Steinbeck Vessel To Be Refloated By New Owner And Northwest Shipwrights

New ownership is giving new hope to a decrepit, unseaworthy fishing boat with a notable literary pedigree.

Northwest shipwrights will be hired to restore the Western Flyer, a vessel made famous by the author John Steinbeck.

In 1940, Steinbeck and marine biologist Ed Ricketts — who later inspired the character Doc in “Cannery Row” — chartered the Western Flyer for a Mexican cruise, which Steinbeck immortalized in the non-fiction classic, “The Log From the Sea of Cortez.”

The 76-foot wooden boat passed through many hands since then. It sunk twice in Puget Sound in recent years. The historic vessel is currently propped up on blocks in dry storage at the Port of Port Townsend, Washington.

The complete nw news network post by Tom Bonse and related audio is here.

(Thanks to Joe Petrich for the link.)



On March 1, 2015, in Humor, by CaptRR


Global Ship Traffic from Space

On February 28, 2015, in Shipping, by CaptRR

Published on Oct 17, 2012

A week of ship traffic on the seven seas, seen from space. Get a glimpse of the vibrant lanes of goods transport that link the continents.
The vessel movements were captured using newest terrestrial and space-borne AIS technology from FleetMon and its partner Luxspace. The records cover the world’s merchant fleet with some 100.000s of cargo ships, tankers, ferries, cruise ships, yachts and tugs. FleetMon provides advanced fleet monitoring services, software APIs, reports and analyses of maritime traffic data. The inset shows live monitoring with the FleetMon Explorer software. More information:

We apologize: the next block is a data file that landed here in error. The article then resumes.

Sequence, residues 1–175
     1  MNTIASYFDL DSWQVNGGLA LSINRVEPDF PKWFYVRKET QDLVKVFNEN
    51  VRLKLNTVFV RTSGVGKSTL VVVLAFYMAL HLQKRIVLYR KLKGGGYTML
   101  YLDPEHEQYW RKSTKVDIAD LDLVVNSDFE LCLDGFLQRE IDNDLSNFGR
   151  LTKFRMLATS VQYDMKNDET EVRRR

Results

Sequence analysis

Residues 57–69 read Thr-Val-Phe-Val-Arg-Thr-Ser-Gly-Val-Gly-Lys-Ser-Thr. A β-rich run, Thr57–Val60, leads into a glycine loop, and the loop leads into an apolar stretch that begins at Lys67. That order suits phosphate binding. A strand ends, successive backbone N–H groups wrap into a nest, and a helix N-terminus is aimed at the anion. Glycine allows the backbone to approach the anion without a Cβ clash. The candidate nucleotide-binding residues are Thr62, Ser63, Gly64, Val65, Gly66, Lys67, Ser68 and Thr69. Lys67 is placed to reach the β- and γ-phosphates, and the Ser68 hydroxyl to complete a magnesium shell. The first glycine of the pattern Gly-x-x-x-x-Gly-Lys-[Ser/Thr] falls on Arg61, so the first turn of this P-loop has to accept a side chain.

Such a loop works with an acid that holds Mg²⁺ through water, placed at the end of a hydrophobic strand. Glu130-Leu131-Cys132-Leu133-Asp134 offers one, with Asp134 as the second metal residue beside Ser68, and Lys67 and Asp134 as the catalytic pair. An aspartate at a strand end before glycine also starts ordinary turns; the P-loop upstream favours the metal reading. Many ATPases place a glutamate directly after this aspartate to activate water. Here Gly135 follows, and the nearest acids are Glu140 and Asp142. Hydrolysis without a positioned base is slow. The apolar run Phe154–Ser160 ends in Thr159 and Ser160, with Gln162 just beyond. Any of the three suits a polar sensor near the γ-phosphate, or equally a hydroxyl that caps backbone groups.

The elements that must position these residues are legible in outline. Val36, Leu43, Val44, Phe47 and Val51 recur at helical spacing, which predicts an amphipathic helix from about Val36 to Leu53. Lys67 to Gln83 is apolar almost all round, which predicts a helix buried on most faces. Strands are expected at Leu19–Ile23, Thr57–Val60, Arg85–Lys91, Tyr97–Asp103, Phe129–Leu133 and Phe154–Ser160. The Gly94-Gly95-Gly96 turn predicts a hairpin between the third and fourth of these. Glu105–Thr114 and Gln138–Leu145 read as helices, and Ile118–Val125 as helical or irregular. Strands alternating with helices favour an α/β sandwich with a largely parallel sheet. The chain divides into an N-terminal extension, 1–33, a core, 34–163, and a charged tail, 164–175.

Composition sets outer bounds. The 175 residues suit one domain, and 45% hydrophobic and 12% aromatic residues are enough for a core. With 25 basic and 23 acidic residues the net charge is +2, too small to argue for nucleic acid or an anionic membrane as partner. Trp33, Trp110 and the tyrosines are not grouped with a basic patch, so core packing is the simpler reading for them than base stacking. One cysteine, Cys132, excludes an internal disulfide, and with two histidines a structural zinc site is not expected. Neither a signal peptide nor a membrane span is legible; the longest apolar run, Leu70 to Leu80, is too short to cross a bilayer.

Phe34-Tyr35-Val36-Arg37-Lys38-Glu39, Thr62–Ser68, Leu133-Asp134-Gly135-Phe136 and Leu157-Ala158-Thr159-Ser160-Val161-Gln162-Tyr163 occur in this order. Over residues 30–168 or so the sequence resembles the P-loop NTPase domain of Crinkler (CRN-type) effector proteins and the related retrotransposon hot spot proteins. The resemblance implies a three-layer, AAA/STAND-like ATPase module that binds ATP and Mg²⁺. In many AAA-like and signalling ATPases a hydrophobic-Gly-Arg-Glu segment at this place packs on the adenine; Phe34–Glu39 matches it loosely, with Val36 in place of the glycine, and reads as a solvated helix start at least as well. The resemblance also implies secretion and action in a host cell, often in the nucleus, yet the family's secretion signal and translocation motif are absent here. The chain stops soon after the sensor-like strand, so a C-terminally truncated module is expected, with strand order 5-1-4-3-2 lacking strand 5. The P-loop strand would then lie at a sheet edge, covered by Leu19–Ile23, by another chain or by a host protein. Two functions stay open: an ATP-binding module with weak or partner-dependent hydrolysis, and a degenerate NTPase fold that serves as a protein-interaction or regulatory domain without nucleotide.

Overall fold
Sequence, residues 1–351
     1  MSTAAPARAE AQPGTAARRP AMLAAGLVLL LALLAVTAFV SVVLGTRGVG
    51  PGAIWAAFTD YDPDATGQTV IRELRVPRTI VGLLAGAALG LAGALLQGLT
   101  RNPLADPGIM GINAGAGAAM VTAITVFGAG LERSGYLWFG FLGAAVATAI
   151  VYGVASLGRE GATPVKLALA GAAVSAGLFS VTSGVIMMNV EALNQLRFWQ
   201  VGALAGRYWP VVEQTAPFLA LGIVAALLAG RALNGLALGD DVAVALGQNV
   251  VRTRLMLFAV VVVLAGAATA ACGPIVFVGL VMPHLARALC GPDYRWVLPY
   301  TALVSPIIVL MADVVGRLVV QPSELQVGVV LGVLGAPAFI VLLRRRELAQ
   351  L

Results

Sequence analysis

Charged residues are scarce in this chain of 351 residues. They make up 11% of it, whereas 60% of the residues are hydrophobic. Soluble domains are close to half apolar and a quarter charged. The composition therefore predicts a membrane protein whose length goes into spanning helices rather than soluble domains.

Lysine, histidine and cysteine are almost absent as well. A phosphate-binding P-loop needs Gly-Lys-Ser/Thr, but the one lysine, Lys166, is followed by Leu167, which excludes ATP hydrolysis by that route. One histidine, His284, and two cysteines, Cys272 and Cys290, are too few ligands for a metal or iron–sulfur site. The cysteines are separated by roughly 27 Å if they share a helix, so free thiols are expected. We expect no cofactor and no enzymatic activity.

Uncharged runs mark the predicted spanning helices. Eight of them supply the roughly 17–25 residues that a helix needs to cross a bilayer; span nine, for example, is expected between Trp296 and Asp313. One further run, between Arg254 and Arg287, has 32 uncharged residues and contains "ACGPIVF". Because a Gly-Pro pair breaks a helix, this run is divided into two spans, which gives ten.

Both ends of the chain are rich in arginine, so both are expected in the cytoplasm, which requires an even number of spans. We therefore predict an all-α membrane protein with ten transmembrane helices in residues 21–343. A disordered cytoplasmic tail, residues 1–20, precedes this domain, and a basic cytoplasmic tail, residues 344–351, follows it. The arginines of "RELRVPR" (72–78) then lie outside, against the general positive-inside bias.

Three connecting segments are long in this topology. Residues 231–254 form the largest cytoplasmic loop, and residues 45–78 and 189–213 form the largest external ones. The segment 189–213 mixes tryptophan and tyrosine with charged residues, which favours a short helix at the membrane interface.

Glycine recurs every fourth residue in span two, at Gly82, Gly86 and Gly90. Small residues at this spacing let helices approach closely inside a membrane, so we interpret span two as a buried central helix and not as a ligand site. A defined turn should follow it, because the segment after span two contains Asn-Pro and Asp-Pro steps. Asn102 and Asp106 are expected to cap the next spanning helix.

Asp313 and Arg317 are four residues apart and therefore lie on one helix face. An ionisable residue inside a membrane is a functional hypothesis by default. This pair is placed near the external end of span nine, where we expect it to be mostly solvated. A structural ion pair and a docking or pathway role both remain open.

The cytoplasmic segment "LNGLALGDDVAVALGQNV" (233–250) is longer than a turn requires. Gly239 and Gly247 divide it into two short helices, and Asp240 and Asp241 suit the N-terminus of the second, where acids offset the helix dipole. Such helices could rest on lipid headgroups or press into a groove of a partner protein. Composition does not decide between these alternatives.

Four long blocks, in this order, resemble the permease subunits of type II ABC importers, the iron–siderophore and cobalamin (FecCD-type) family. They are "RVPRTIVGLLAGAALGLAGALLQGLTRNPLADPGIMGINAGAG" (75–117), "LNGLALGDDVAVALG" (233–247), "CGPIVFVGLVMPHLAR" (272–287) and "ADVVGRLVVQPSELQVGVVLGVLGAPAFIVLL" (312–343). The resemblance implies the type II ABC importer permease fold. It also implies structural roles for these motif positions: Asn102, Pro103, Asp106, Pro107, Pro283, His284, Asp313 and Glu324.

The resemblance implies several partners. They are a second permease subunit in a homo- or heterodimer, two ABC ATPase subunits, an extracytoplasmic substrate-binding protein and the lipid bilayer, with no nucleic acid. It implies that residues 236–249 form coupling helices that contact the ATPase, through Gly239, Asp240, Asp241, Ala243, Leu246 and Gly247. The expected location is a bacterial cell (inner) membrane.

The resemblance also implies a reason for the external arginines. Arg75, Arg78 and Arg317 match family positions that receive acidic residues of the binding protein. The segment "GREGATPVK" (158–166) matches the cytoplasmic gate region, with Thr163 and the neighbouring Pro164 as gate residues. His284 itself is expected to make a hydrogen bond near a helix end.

(Thanks to Larry Fay for the link, via facebook.)


Polish yacht reaches the ends of the earth

On February 27, 2015, in General Boating, by CaptRR



        The ‘Selma’ reaches the Bay of Whales on 9 February 2015. Photo: PAP

        Radio Poland is reporting:

        “We cannot sail any further,” skipper Piotr Ku?niar told the PAP news agency after reaching a latitude of 78°43’926” S, breaking the previous sailing record of 78°43’566” S set by ‘Katharsis II’, a British vessel manned by a Polish crew under Mariusz Koper. The boat managed the feat at 2029 UTC on Thursday evening. On reaching the coastline, Ku?niar managed to place a Polish flag on the shore which had been given to him by Polish president Bronis?aw Komorowski. “We touched the ice of the Antarctic,” skipper Ku?niar said, underlining that the plan to reach the Bay of Whales had been done almost solely under wind power.

        The complete Radio Poland post is here

         (Thanks to John Chessell for the link)


        Holy Shit Indeed

        On February 26, 2015, in Things Octopod, by CaptRR


        Waterworld What IF

        On February 25, 2015, in Environment, by CaptRR


        The Scuttlefish has the post:

        When the film Waterworld was released in 1995, I gazed in silent wonder at the opening, as the Universal globe, and my beloved Earth’s landmasses disappeared beneath the waves. It was a jaw-dropping Hollywood moment, but was there really, truly enough water locked up in the polar ice caps to swallow up the Rockies, the Sierra Nevada and the Andes – leaving only the tops of what are presumably maybe Everest or a couple of other Himalayan spires peaking up from the briny depths? Let’s just say Kevin Costner’s Magnum Oceanus was not a film to let facts stand in the way of a rip-roaring yarn

        The complete Scuttlefish post by Chris Dixon is here.

        (Ed. note: Chris’s best quote is…” Business Insider. Normally B.I. – I’d call it a clickbaiting cross between the Wall Street Journal, Buzzfeed and TMZ – would not be much of a source of news for TheScuttlefish….”)


        Evolution of Ice Breakers

        On February 24, 2015, in Coast Guard, History, by CaptRR


        Seattle based USCGC Polar Star

        Gizmodo has a great post by Attila Nagy on the evolution of Polar Ice Breakers, HERE.